Be careful what you wish for. It might turn and bite you in the ass.
     
  8. ethics

    ethics Pomp-Dumpster Staff Member

    One story convinced me about Robot's AI and what they should NOT be.

    I, Robot book by Asimov where there are two humans in space (mining expedition) and the robot gets religious on their butts.

    "It's rather funny how you two are trying to convince me that humans made me whereas it's perfectly clear that a perfect being such as myself could not have been created by mere humans. I was created by something higher."

    I'll stick with the ant model. :)

    edit: some spelling
     
  9. mikepd

    mikepd Veteran Member

    Asimov was the MAN! ;)
     
  10. Jedi Writer

    Jedi Writer Guest

    A movie that was literally 10 to 20 years ahead of its time. If it had been made 15 years later it would have been a smash hit! A GREAT movie.

    "Restore transmission or action will be taken....."
     
  11. Jedi Writer

    Jedi Writer Guest

    Hmm, you sound just like my boss when talking about his employees.
     
  12. Biker

    Biker Administrator Staff Member

    The problem with Artificial Intelligence right now is the limitation of the hardware. Once computers become massively parallel (similar to a human brain) we will see some huge leaps and bounds in the AI field. At that point, who can really say what will happen.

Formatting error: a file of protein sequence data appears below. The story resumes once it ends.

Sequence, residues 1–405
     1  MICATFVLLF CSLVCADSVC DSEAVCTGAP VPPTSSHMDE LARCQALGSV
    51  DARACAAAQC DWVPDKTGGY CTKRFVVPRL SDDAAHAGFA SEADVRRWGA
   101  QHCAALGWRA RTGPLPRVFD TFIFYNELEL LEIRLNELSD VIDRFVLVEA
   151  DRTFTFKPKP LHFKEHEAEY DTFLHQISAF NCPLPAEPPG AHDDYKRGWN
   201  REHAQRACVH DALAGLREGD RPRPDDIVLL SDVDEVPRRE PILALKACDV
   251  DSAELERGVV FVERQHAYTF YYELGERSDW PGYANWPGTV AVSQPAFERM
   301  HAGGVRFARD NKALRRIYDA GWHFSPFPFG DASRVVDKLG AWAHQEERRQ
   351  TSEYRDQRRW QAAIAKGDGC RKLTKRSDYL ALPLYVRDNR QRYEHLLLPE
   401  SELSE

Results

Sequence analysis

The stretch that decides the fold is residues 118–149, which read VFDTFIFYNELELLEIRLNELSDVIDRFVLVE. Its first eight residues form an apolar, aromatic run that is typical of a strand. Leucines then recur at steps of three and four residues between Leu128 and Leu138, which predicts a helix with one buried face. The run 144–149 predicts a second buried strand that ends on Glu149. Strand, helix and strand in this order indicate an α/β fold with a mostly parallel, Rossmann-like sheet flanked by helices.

And here's a concept that has always given me pause for thought. If we create a machine that is designed to teach itself, in other words, seek out information to add to its knowledge, at what point does intelligence end and conscious thought begin?
     
  13. ethics

    ethics Pomp-Dumpster Staff Member

    I honestly do not think consciousness would be possible. I mean, just because they will learn along the way doesn't mean they will have the "mind" to discard the trash and keep the good stuff. Our mind makes decisions like that each minute, I just can't see an AI doing this, no matter how advanced.

    I could be wrong of course. :)
     
  14. IamZed

    IamZed ...

    The Forbin Project was War Games ahead of its time. We will talk with this entity before we die.
     
  15. Biker

    Biker Administrator Staff Member

    OK.. Let's approach this from a different angle. Define consciousness. To me, it's self awareness. And once we look at consciousness on that level, imagining a computer reaching that state isn't so far fetched.
     
  16. ethics

    ethics Pomp-Dumpster Staff Member

    If it's just self-awareness, then yah, I agree.

    My remark was more towards the lines of information absorption. How will the AI know what's good and what isn't? If it sucks up all of the information, there will be a limit on how much more it can absorb.
     
  17. ShinyTop

    ShinyTop I know what is right or wrong!

    Not knowing which to absorb and what not to? Sounds like I may be an AI.;)
     
  18. ethics

    ethics Pomp-Dumpster Staff Member

    Part of my point. Humans have a tough time knowing this and to pass this down to AI will be impossible I believe.
     
  19. Coot

    Coot Passed Away January 7, 2010

    Learning what is of value and what isn't from an experiential perspective is what would hasten the removal of Artificial from its monicker.
     
  20. Biker

    Biker Administrator Staff Member

    If you really think about it, learning what information is of value and what isn't is not all that far fetched. Think about it. We, as humans, use a boolean logic table when determining what information is good and what isn't. Doesn't take much to program that in to a "self-learning" program.